Sun snubbed in Web services spec effort

Microsoft Corp., IBM Corp., and BEA Systems Inc. are throwing another Web services party and, once again, Sun Microsystems Inc. is not on the guest list.

Sun Microsystems, despite being one of the leading systems vendors and the creator of the popular Java programming language, was not invited to participate in newly proposed Web services specifications spearheaded by IBM, Microsoft, and BEA, according to a Sun official on Friday.

Part of the standards effort, BPEL4WS (business process execution language for Web services) may even be redundant with an existing Sun plan submitted to the W3C, said Suzy Struble, manager of XML initiatives at Sun.

"We were not asked to participate," Struble said. "You'll have to ask Microsoft and IBM [about] that."

This is the second time this year that Microsoft, IBM, and BEA have formed standards initiatives and left Sun out in the cold. In February, the three companies formed the Web Services Interoperability Organization (WS-I) to promote Web services interoperability.

When it comes to the recent specifications, Sun would have wanted to see the technical work and supports convergence to promote standardization. But the company was not informed of the BPEL4WS effort, Struble said.

BPEL4WS is the union of two previously rival standards, WSFL (Web services flow language) from IBM and XLang from Microsoft. An executable language, BPEL4WS is designed to ensure that differing business processes can understand each other in a Web services environment.

Also part of the plan detailed Friday by IBM, Microsoft, and BEA was WS-Coordination, to provide a standard way of ensuring that simultaneous transactions execute correctly between systems, and WS-Transaction, to monitor business process activity.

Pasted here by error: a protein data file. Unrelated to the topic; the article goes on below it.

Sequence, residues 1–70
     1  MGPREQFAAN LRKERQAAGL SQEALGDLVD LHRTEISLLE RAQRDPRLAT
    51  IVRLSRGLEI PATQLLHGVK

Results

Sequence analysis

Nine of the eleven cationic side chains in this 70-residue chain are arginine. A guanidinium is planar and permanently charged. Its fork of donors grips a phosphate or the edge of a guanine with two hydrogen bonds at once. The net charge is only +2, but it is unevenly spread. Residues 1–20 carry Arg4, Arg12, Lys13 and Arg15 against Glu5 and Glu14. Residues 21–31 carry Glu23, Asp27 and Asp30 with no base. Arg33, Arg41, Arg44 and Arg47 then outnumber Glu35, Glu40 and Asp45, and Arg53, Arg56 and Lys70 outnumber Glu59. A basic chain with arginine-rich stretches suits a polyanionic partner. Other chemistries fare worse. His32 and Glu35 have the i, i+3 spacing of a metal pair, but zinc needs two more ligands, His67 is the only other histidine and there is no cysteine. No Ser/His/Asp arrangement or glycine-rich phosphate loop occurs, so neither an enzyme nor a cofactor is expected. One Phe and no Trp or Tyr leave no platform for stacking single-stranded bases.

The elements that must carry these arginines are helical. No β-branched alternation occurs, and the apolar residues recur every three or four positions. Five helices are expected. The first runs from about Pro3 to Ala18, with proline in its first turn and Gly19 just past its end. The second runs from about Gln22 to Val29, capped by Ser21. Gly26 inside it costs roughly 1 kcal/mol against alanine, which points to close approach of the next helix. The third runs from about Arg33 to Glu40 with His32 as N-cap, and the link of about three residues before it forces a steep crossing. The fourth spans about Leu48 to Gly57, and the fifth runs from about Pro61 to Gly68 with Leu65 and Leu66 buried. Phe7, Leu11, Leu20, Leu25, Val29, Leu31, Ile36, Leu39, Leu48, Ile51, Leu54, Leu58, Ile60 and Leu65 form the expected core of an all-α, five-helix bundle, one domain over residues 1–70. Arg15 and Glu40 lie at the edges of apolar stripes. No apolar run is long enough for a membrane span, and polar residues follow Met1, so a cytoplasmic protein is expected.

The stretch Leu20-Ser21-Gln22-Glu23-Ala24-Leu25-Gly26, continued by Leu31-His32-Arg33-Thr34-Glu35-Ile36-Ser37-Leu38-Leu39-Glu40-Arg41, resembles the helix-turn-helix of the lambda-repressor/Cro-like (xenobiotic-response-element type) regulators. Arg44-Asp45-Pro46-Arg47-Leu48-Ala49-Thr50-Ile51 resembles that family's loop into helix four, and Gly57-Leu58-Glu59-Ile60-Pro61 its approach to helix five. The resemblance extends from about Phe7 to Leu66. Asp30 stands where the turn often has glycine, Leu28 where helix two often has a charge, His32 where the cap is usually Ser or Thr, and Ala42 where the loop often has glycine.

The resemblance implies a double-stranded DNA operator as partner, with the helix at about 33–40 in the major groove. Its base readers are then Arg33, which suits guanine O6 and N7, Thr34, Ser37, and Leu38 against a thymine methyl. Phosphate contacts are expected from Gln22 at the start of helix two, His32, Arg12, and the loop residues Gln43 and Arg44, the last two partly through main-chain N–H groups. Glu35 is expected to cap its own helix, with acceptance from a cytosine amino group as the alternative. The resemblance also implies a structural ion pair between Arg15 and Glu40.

BPEL4WS, Struble said, seems similar to the Sun-led Web Services Choreography Interface (WSCI) specification, which is intended to "choreograph" events and transactions taking place between computers, applications, and services accessed over the Internet. W3C has acknowledged the WSCI submission but has not adopted it as a formal standard. BEA has participated in the WSCI submission.

It is possible BPEL4WS and WSCI could be converged, Struble said. "We would absolutely welcome that," she said.

"I think who's really getting slighted with this behavior are the consumers," Stuble said. "This work really needs to be converged. We do not need separate and diverging efforts."

A BEA official, in an e-mail response to questions, did not directly address the question of Sun's non-involvement in the new effort.

"It is our intention to work closely with Sun, as well as our other industry partners, to drive convergence of the industry around a single set of standards for automating business processes and transactions for Web services," said John Kiger, director of product marketing at BEA.

At this time, it is premature to discuss whether any standards bodies might support BPEL4WS, WS-Transaction, and WS-Coordination, according to BEA. BEA, along with Microsoft and IBM, will seek industry feedback, Kiger said.

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